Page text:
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23 Feb, 2022 12:07

Russia-Ukraine standoff could hurt US economy – JPMorgan

An energy price shock and aggressive action against inflation are the biggest threats, the bank warns
Russia-Ukraine standoff could hurt US economy – JPMorgan

Rising energy prices and other shockwaves from the Russia-Ukraine crisis could hurt the stock market and hinder US economic recovery, JPMorgan has warned.

An energy price shock amidst an aggressive central bank pivot focused on inflation could further dampen investor sentiment and growth outlook,” its strategists said on Tuesday in an update to clients cited by CNN.

Brent crude, the world benchmark, shot to a seven-year high of $99.50 a barrel on Tuesday morning before retreating to just over $96 on Wednesday.

In the update, JPMorgan said some large multinational companies gained a significant chunk of their income from Russia and Ukraine. On Monday, the bank published a list of those that might see their sales dwindle as a result of the standoff. Among them are Philip Morris International (8% of sales), PepsiCo (4.4%) and McDonald’s (4.2%). It said that, overall, US companies had low direct exposure to the affected markets, however.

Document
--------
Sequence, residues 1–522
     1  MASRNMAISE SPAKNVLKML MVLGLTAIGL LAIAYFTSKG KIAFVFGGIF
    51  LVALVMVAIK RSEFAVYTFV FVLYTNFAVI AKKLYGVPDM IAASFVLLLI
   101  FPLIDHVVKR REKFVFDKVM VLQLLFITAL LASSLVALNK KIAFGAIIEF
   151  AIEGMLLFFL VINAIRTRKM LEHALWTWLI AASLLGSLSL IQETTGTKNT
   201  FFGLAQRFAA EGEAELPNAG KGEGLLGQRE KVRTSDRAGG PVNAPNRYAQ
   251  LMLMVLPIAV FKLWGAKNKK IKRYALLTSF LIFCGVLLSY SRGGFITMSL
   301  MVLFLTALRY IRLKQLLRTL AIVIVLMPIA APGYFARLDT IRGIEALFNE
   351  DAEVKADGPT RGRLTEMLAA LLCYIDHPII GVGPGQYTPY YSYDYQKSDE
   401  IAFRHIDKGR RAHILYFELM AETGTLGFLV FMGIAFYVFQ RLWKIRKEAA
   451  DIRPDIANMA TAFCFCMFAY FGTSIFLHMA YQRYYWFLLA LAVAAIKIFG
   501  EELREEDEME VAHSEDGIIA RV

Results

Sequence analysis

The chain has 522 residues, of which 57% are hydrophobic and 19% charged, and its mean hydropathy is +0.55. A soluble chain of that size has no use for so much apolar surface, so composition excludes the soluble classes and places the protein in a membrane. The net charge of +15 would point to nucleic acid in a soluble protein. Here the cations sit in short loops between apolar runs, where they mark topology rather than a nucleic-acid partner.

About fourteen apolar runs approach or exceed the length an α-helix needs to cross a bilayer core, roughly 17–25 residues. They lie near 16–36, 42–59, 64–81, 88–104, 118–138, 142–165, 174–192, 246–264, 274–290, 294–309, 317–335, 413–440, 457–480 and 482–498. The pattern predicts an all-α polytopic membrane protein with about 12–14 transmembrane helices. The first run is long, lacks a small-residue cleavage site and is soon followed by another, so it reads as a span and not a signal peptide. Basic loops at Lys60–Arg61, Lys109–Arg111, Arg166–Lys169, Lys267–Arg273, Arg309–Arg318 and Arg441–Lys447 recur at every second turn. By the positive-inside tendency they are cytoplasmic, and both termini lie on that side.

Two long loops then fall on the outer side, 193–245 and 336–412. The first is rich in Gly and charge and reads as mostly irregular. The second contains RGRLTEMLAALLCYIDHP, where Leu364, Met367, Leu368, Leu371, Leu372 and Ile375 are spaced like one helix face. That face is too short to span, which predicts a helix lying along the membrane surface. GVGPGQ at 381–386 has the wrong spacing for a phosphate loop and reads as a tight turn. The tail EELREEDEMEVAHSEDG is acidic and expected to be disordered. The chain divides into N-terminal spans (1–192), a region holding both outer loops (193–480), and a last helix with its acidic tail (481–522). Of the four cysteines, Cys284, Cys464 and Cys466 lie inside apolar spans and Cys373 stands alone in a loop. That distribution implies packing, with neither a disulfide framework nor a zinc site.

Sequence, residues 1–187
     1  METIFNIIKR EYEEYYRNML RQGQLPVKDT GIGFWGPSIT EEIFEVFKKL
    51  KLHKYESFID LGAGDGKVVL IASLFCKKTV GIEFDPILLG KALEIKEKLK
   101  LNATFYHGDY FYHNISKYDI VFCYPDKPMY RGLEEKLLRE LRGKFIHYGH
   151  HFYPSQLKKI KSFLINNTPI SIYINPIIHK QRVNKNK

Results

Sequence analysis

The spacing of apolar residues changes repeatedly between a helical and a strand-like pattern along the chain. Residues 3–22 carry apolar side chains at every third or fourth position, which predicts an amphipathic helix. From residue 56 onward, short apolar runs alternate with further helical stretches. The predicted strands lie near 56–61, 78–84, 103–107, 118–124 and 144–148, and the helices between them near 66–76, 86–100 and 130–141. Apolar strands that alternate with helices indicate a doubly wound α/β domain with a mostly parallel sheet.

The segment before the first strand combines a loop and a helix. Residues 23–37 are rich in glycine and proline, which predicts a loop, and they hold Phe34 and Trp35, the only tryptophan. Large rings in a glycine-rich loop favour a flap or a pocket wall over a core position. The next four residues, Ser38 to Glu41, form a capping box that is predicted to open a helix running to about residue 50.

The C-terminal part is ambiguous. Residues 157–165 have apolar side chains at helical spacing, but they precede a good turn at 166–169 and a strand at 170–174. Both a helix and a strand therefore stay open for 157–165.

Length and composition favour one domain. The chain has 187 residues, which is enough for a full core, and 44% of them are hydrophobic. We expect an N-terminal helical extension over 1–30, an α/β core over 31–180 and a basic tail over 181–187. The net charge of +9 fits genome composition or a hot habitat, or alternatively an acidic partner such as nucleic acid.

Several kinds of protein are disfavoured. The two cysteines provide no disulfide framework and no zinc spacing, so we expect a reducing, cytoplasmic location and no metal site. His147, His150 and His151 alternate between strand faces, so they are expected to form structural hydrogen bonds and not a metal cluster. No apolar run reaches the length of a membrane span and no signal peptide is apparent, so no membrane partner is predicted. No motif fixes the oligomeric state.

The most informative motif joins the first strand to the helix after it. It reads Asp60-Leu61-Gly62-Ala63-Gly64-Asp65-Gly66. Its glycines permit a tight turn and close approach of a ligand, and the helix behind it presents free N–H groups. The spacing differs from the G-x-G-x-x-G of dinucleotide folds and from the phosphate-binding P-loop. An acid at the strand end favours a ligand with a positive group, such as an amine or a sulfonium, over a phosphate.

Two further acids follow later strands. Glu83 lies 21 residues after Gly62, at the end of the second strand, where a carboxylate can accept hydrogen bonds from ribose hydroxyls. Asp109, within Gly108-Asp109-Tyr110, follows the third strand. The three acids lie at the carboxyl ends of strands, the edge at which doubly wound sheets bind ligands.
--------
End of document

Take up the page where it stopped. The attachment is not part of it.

“Indirect risks are potentially more substantial, which could include slower global growth and consumer spending due to higher oil and food prices, negative second-order effects through Europe, supply chain distortions, credit and asset writedowns, and cybersecurity risks,” the bank said.

The biggest risk for stocks, according to JPMorgan, is the fact that central banks are switching into inflation-fighting mode. It added that overly restrictive monetary policy could result in an outright policy error.

The US Federal Reserve is expected to raise interest rates next month in an attempt to curb inflation, which surged to 7.5% in January compared with a year earlier, marking the biggest increase in four decades. Federal Reserve Governor Michelle Bowman said on Monday she would be open to lifting interest rates by more than the traditional quarter-point at the central bank’s next meeting in March.

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